Old furniture tells stories
Updated: Jan 4
Our furniture is a witness to our everyday lives, celebrations, conversations, and our growing up and leaving home. Old furniture connects us to home, family, friends, and to our dreams and pains. It has stories to tell.
As a furniture restyler, I enjoy discovering those stories, through either the owner of the furniture, or just my own imagination when there's no one to tell the story.
Look, listen, touch, imagine. With attentive observation, possibilities emerge--the maker, the recipient, the style and time when it was made, the value given at that time, how it was used, what it meant for the generations that cherished it.
If you've inherited old furniture, you know its sentimental value. You are also familiar with the burden of not knowing what to do if the furniture is not the style you like.
How to keep Grandmother's china cabinet or Dad's desk when they don't go with anything you own?
The great bar your spouse bought many years ago but no longer use. The coffee table from Aunt Mae. If any of those pieces mean something to you but you're not sure what to do, I can help tailor them to your needs. This is my restyling process and my before & after portfolio.
I emphasize the most striking elements of design in a particular piece of furniture or highlight what's been overshadowed by excessive design. I restyle old furniture because I believe every piece has potential that oftentimes is not easily seen. Old furniture should be celebrated.
We can choose to give old furniture a chance to shine again. Here are some points worth thinking about:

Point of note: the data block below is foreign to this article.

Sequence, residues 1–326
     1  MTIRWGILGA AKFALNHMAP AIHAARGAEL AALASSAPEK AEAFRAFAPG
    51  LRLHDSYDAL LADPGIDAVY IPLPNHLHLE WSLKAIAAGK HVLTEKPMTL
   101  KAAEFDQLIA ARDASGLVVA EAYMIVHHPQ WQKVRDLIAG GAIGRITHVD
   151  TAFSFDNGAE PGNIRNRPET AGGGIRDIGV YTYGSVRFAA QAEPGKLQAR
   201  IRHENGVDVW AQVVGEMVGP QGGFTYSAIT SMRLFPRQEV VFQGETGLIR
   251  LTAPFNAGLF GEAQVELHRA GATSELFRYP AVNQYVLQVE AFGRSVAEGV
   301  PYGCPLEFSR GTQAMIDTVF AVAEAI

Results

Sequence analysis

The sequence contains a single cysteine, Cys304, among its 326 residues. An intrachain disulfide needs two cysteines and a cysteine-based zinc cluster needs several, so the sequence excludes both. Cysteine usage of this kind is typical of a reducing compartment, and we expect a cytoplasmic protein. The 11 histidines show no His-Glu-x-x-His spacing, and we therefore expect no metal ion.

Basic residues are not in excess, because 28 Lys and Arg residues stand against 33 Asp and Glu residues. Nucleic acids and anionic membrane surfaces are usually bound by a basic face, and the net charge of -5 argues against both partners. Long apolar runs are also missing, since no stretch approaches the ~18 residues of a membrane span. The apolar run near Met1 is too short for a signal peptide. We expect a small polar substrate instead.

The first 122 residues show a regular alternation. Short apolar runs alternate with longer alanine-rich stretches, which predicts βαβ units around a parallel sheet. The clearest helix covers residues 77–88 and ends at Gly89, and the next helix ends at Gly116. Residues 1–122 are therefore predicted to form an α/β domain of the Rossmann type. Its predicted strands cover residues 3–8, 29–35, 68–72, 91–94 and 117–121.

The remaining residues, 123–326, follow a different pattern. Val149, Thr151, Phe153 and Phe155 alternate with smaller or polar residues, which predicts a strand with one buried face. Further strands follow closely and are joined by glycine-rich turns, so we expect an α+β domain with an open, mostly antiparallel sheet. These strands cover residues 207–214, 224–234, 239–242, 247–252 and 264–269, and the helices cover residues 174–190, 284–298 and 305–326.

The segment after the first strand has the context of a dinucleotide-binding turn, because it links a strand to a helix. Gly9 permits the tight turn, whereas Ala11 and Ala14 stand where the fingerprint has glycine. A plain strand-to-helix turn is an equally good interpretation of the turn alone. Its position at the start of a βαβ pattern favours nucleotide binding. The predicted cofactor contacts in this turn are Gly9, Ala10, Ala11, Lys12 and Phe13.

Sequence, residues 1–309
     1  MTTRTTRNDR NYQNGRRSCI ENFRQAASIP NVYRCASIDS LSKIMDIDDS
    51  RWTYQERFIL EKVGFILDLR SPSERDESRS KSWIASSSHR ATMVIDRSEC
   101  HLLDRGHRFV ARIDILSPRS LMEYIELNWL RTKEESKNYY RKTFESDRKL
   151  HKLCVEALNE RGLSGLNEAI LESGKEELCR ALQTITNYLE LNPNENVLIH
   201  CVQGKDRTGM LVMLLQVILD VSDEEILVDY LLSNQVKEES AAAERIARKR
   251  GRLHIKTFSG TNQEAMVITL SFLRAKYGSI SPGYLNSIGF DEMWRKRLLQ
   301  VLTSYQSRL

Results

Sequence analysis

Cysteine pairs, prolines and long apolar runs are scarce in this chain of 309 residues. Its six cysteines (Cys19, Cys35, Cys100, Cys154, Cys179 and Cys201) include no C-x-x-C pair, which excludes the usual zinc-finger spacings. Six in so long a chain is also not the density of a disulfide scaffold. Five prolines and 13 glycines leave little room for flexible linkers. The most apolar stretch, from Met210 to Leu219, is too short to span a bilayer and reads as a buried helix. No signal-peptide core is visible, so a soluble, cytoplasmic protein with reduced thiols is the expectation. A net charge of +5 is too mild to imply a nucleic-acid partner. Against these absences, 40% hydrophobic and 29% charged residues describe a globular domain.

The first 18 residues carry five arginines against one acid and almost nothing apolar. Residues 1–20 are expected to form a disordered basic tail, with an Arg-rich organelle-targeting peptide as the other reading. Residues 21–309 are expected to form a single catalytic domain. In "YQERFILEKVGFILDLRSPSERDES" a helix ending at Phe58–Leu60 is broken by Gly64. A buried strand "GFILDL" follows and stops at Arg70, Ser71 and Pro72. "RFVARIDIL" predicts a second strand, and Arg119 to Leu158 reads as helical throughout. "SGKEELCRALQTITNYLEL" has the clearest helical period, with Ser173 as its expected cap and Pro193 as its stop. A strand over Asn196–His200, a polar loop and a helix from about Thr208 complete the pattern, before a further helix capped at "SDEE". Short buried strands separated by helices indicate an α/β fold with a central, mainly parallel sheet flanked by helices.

Construction is typically solid wood, not easily found in new furniture except at a high price--very likely more than what you would pay for restyling.
Craftsmanship is typically better in old furniture than its counterparts.
It has unparalleled character and charm.
It can be revamped and tailored to your needs. Magic can happen.
The satisfaction of getting it done properly is priceless.
Add your own story to it and pass it on.
My parents' furniture was a mix of Mid-Century Modern and Transitional. I wish I had kept one or two pieces but that was not possible since I was thousands of miles away. There was the comfortable green chair my mother sat on to watch television with my father. Also a small cabinet with chunky legs tucked in the dark pantry storing her cooking recipes.
To this day, the memories of my parent's house and their furniture are still vivid: my mother's secretary, where she wrote letters to her mother and to me while I was studying abroad and "secretly" kept lots of chocolate bars in one of the drawers; the Thonet chair replica I bought when I got my first job and used at my desk. Mine is wishful thinking. If yours is not, what are you waiting for?
We find comfort, safety, and connection in old furniture.
In a society where there's so much material waste, it's possible to maintain the memories and the connection. Old furniture has many stories to tell and we can add our own to it.
If keeping old furniture is not your thing, pass it onto someone via charity, or sales via auction houses and social media. Somebody, somewhere, wants what you have.
Thanks for reading, and I hope you come back!
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